I have looked at your original file. It has a pretty strong tone-break between d-max (black) and brighter shadow tones. This is already strong processing, posterizing some of the shadow tones. I would not go any further, it looks fine and you are pushing the range for a natural result. It does not have an embedded ICC profile, which makes it very hard to judge, but the black tree trunks are so sharply separated from the next level of tone that I do not think an alternative profile would alter that. It also has posterisation in the sky, where the orange-yellow sunset bit looks like painting by numbers applied to an area of the sky.

I think this will print OK as it is, but it would not get past a photo library quality control system (unless they failed to look at it!). It has gained some impact from the clipping and posterization, but these are non-reversible, destructive adjustments.

The 'Flickr thing' is not 'wrong' any more than I was wrong 30 years ago using Grade 6 Agfa Brovira and burning in the skies and adding black borders and stuff (all with a 17mm lens to help). Extreme tone adjustments and clipping can be good graphic-impact processing. So don't worry about it. But technically, it's failed as an HDR conversion, because smooth tonal detail is missing from both extremes of the scale.

David

Majid
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Unread postby Majid » Tue May 22, 2007 4:27 am

Good Morning David,

Thanks for the help. HDR is not easy as I thought but I'm going to persevere with this till I get it right. I'll practise a bit more. Actually I'm about to shoot a PM to you!

Maj :D

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Unread postby Beakydave » Tue May 22, 2007 8:02 am

Thanks, David

As I said it was a rather hasty effort, using only 3 'exposures', just to prove that CS2 can do HDR from a single RAW. That said, I'm actually quite pleased with the results. That is not my best photo but, while the main body of the picture is virtually the same, I much prefer the tones of the sky on the HDR version. With a bit more effort I think I would have brought out the shadows a little more.

I haven't really got into HDR (I don't know if I ever will) on a serious basis but it does help pass the time when bad weather prevents 'real' photography! I guess HDR will be used for different purposes by different people - my own opinion is that it is there to get back some of the range that the eye sees but the camera doesn't (and so yes, subtle use as far as I am concerned), rather than to produce unnatural colours and tones. That said, some results in the latter category can be stunning.

Beakydave
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Updated

Unread postby Beakydave » Tue May 22, 2007 8:15 pm

I've added another 2 exposures to my HDR experiment - my post above shows the original and the revised HDR. Although a combination of the JPEG compression and I guess the algorithms used on picasa mean that both images continue to appear darker on the web than they really are, the difference is more noticeable. The shadow areas are much lighter yet the sky tones remain more true.

01af
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Unread postby 01af » Wed May 23, 2007 10:37 am

Beakydave wrote:... it was a rather hasty effort, using only three 'exposures', just to prove that CS2 can do HDR from a single raw.

Actually, it cannot.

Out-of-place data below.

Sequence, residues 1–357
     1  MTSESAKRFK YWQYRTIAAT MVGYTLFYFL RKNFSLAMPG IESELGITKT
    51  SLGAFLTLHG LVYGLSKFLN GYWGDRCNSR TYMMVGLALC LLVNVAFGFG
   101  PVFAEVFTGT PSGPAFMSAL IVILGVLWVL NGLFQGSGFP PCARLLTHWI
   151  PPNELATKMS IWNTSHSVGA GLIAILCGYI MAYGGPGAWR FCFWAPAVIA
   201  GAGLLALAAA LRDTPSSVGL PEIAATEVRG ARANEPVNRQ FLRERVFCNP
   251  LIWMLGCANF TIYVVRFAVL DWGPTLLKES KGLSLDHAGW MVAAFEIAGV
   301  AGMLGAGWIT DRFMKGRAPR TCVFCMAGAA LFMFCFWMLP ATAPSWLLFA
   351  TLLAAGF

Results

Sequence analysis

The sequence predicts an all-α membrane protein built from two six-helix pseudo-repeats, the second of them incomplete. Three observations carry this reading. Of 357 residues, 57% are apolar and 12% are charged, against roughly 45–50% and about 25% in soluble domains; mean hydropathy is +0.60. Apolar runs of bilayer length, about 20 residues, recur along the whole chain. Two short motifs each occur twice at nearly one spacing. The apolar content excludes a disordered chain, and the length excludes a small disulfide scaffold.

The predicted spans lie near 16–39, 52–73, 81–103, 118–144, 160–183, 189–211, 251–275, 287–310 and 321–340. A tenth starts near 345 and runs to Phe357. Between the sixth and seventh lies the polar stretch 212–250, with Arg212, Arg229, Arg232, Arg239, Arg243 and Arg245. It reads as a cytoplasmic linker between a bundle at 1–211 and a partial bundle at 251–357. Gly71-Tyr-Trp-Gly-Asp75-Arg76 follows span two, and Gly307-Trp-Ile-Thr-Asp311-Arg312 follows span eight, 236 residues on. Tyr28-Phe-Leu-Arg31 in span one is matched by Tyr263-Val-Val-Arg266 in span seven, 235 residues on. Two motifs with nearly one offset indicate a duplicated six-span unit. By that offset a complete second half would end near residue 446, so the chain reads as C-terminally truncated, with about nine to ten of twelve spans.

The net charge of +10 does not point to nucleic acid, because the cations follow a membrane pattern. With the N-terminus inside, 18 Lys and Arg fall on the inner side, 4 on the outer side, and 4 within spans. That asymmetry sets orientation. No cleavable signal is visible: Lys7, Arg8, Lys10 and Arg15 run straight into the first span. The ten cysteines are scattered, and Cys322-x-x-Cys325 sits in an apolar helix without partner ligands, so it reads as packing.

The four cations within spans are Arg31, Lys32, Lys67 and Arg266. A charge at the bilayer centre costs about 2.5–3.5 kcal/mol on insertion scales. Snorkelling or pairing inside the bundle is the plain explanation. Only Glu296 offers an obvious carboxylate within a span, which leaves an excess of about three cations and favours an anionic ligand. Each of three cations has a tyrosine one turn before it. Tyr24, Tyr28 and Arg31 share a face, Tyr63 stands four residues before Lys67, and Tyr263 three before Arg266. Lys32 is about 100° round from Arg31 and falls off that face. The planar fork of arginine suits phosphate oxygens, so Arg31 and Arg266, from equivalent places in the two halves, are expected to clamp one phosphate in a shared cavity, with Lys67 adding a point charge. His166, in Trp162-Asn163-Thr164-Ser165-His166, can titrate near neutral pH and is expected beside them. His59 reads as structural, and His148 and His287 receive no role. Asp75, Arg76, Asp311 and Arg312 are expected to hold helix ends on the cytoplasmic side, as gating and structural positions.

All you have proven is that Photoshop CS2's HDR feature can be misused to create DRI images when tinkering with the EXIF data. You mustn't confuse HDR and DRI. HDR is about capturing wide dynamic input ranges into more than 16 bits/channel. DRI is about compressing those wide ranges into 8 bits/channel.

Raw files from current digital cameras do not contain more than 16 bits per channel of data (usually even less), so you simply cannot create a true HDR images from them. There's a reason why Photoshop normally refuses to work on images derived from one single raw file for HDR. As you have successfully shown, you can trick Photoshop into it but what you'll get is not a true HDR image. Instead you'll get an image in HDR format where many of the 32 bits/channel will be empty, and the tones will be severely posterized. When compressing the HDR-format image into 8 bits/channel in order to be able to look at it, with luck you will compress the empty bits away ... but you may just as well compress non-empty bits and end up with a posterized 8-bit image. You simply have no precise control over the process.

You're using only a fraction of what the HDR feature is supposed to do. It's like using your car to travel a distance of 40 ft---without even starting the engine but just pushing it. If you want DRI then HDR is the wrong tool. The right way to do DRI is layers and layer masks. These offer far better control over the tone mapping than HDR's blunt output function.

-- Olaf

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Unread postby Beakydave » Wed May 23, 2007 12:00 pm

01af wrote:
Beakydave wrote:... it was a rather hasty effort, using only three 'exposures', just to prove that CS2 can do HDR from a single raw.

Actually, it cannot.

All you have proven is that Photoshop CS2's HDR feature can be misused to create DRI images when tinkering with the EXIF data. You mustn't confuse HDR and DRI. HDR is about capturing wide dynamic input ranges into more than 16 bits/channel. DRI is about compressing those wide ranges into 8 bits/channel.

Raw files from current digital cameras do not contain more than 16 bits per channel of data (usually even less), so you simply cannot create a true HDR images from them. There's a reason why Photoshop normally refuses to work on images derived from one single raw file for HDR. As you have successfully shown, you can trick Photoshop into it but what you'll get is not a true HDR image. Instead you'll get an image in HDR format where many of the 32 bits/channel will be empty, and the tones will be severely posterized. When compressing the HDR-format image into 8 bits/channel in order to be able to look at it, with luck you will compress the empty bits away ... but you may just as well compress non-empty bits and end up with a posterized 8-bit image. You simply have no precise control over the process.

You're using only a fraction of what the HDR feature is supposed to do. It's like using your car to travel a distance of 40 ft---without even starting the engine but just pushing it. If you want DRI then HDR is the wrong tool. The right way to do DRI is layers and layer masks. These offer far better control over the tone mapping than HDR's blunt output function.

-- Olaf


I bow to your superior technological expertise! But are you telling me that the problem has in fact nothing to do with Photoshop or any other software? In other words, you seem to saying that it is not possible to produce an HDR image from any dSLR output, regardless of software, even if multiple exposures are taken? If so, why all the fuss about HDR?

I agree that I ought to be able to achieve the same, if not better, results with layers - it's just that 'HDR' is much quicker!